Poet Jill Alexander Essbaum transits into the fiction genre with the precision of Swiss clocks and indeed Swiss trains — ushering in a new Madame Bovary, an Anna Karenina for the 21st century. Her name is Anna Benz, and she lives in Zürich with the Swiss banker she met in America.
“It’s not just an adage, it’s an absolute fact: Swiss trains run on time.”
Anna doesn’t know how to drive her family’s car. She barely knows a soul beyond her mother-in-law, three children, and a few acquaintances; she maintains no contact with American relatives. Anna barely speaks German, endures life with no fire of spirit, and performs her duties as spouse and parent through unvaried routine, weekly circuiting her usual shopping points. Following initial bewilderment nine years ago, she has mastery over the intricacies of Zürich’s rail network. The author shows us Anna’s clumsiness occasionally, making her so real. She dresses impeccably, even fashionably— her clothes seem to me like an attempt at self-preservation–yet usually has no place to go, no plans, no one to see.
Anna was a good wife, mostly.
Anna has slipped into infidelity, incapable of suppressing the least suggestion by each man in a series of extramarital trysts. She fails to sever these liaisons against her better wisdom. Erotic reverie is a drug that distracts and pacifies her. The narration gradually reveals Anna’s mind, what she’s read, heard or wonders, her moods, her perception of others’ moods. Essbaum invites us into Anna’s hollow soul where we are initially uncomfortable yet intrigued, appalled yet sorrowed, anxious yet horrified at her inability to accept, embrace, or even experience a life many might feel grateful to live. Clearly, Anna withholds details from her Jungian analyst Doktor Messerli; yet, the reader glimpses truth in Anna’s actions, in a diary entry:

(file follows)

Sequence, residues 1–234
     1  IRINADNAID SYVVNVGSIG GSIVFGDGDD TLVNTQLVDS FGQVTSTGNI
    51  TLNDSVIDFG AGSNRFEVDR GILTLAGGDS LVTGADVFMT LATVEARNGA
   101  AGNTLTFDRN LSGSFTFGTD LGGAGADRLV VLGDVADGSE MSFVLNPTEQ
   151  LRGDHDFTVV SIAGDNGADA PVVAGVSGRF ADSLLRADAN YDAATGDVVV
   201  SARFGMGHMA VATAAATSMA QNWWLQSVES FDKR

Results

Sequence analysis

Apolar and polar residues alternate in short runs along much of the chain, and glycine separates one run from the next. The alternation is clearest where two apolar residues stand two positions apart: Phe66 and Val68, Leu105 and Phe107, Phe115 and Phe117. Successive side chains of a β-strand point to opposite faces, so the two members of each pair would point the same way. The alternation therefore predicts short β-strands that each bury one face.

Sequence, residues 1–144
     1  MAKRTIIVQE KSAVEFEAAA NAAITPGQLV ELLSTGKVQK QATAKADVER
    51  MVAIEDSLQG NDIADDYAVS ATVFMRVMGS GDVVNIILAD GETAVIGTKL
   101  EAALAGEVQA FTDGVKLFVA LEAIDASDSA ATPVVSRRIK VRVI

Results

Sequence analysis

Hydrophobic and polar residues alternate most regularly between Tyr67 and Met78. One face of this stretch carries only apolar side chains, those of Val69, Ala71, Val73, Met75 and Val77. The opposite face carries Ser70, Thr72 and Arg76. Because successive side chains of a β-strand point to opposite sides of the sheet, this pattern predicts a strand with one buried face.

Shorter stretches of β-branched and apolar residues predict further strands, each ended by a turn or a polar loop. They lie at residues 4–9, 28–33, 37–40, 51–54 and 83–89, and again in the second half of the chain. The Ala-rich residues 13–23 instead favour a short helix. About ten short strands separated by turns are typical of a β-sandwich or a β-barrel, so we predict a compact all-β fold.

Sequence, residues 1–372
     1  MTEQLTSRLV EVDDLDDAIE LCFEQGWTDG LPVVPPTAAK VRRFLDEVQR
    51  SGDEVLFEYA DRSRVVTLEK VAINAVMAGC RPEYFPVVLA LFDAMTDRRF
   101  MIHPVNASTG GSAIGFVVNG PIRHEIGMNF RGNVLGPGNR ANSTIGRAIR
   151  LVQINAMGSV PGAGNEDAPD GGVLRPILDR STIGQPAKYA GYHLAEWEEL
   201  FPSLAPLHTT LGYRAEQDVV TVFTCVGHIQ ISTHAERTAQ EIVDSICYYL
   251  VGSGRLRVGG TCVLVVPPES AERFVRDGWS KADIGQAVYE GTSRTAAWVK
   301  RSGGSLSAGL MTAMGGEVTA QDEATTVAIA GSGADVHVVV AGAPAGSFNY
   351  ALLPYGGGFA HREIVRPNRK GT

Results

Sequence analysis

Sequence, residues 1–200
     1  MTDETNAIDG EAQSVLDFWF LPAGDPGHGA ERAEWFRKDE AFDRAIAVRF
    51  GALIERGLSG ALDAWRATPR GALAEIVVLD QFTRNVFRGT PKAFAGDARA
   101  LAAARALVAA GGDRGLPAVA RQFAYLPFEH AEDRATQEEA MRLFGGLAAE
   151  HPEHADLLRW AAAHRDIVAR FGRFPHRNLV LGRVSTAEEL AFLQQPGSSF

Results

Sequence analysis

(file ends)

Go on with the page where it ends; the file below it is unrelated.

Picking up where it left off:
The utter sameness just drags on….I am beholden to my own peculiar irony: to survive I self-destruct….
Anna’s insightful internal voice show her to be intelligent, discerning, never oblivious yet she finds no will to extricate herself. Then, Anna remarkably makes a genuine female friend. Mary represents for Anna an unexpected opportunity to confide in someone trustworthy, to explore possibilities, but does she avail of it?
The accurate phrasing of painful emotions will have many readers relating easily to Anna’s psyche despite the fact that they’ll wish to shake Anna into shaping up and reviving herself from the mess she’s made. I absolutely loved its style of presentation, and its use of Swiss words intrigued me and enhanced the setting. Once you read the end, you realize how exquisitely tuned the poet author has made it and immediately return to the first page and begin it again, with Anna. I look forward to more good things to come from Jill Alexander Essbaum.
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